June 17, 2021
Having missed my regular visits to the Bay Area of California during the pandemic year, I tried to fill my dance cards with organizing friends, comrades, and partners to catch up with what they were doing, how they were thinking about the work, and where it was going. Some of the changes are obvious and generational like the role of social media of course. Others are perhaps more pandemic-pressurized. Some are still pet projects looking for proofs of concept. All of them make for robust conversations and deeply observed opinions, making them all the more interesting and fun to talk about.
One question I have been asking all of them in these days of Zoom and remote work is how they are adapting. Several of ACORN’s country directors have been speculating on whether we should acquire some expertise in doing webinars. None of us address this topic with enthusiasm, but more in the way of taking bitter medicine. We may not really want to do webinars, anymore than we have enjoyed or believe that Zoom calls advance organizing, but regardless, if it’s a tool in use, we need to learn whether or not it can be used to build organization.
I talked to Chris Benner for example in Los Gatos. He’s now a professor at the University of California at Santa Cruz where he also directs the Everett Program which has been our partner for a number of years now in providing tech tools for organizing. I asked Chris what remote teaching had been like. He told me he was lucky after a fashion in that even before the pandemic he had gotten some support to create webinars out of his lectures with the tech department. On his rookie attempt, they recorded his regular lecture, and broke the news to him about how that didn’t really work in a webinar setting. He realized he needed to break everything into ten-minute segments and then use the Zoom breakout facility to allow groups of four and five students to hash it out and move forward, report, and then onto the next segment. That made sense.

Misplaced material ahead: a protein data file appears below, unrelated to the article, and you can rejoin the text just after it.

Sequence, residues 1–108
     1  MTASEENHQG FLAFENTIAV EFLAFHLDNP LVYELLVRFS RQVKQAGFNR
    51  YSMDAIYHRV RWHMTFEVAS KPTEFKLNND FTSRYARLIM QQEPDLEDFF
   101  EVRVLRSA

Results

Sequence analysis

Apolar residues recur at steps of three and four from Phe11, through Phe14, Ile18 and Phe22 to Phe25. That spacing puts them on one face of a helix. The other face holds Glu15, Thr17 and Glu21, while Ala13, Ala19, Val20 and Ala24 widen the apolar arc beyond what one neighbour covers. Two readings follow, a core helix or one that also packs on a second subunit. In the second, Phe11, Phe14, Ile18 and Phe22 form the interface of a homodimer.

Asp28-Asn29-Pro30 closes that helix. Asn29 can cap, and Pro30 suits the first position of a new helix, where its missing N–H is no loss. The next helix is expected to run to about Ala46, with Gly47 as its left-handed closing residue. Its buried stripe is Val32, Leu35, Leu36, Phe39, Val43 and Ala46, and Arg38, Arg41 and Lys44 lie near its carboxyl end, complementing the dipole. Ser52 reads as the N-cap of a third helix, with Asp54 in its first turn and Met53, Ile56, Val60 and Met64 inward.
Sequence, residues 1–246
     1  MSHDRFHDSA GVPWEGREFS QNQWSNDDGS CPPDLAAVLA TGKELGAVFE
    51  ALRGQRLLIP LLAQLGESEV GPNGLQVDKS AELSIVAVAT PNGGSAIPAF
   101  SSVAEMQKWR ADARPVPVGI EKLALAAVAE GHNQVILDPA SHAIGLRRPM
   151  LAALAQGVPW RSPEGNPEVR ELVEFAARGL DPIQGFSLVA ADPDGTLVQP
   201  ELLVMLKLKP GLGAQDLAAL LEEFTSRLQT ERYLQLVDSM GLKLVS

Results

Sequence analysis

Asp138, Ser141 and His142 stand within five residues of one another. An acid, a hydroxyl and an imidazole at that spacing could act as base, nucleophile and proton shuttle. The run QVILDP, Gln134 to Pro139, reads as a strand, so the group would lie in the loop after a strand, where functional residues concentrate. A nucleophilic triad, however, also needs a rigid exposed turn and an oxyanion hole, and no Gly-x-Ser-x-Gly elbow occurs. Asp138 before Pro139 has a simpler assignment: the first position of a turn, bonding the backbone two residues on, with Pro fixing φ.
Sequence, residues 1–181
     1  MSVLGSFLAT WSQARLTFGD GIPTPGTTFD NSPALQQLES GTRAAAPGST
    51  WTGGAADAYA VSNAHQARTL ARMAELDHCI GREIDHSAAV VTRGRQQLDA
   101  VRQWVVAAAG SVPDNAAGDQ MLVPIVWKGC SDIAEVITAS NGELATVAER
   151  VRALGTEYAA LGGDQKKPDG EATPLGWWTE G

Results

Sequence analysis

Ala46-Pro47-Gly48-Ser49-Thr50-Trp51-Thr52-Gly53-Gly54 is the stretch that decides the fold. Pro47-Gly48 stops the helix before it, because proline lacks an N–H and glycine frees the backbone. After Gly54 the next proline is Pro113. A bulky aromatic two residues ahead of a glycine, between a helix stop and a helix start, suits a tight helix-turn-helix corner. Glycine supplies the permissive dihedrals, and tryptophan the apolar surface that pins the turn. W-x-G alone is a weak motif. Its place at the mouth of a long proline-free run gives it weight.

Talking with Francis Colpatura, Gary Delgado, and Marcia Henry, comrades in Gary’s case, for over fifty years now, it turned out Fran was using webinars in organizer training now. I had done some work with Fran a couple of years ago when he was doing in-person work at In-Advance. His newest project is SpadeWork.school. Working with fifteen organizations around the country and a pile of people, he had created webinars that attempted to provide younger organizers and newer organizations with some context to the work, and why we have to do so much more than social media, i.e., the real spadework. Looking at his work, there were modules on SNCC and the Freedom Schools, the divestment campaign in South Africa, Justice for Janitors, and more, nine in all. The sessions are two-hours in length, and he was firm about the participation and rules of the work for the sessions, and said they were working well.
We’ll have to take a harder look at all of this and see if it’s another brick in the wall to building organization or a rock in the road we have to bypass.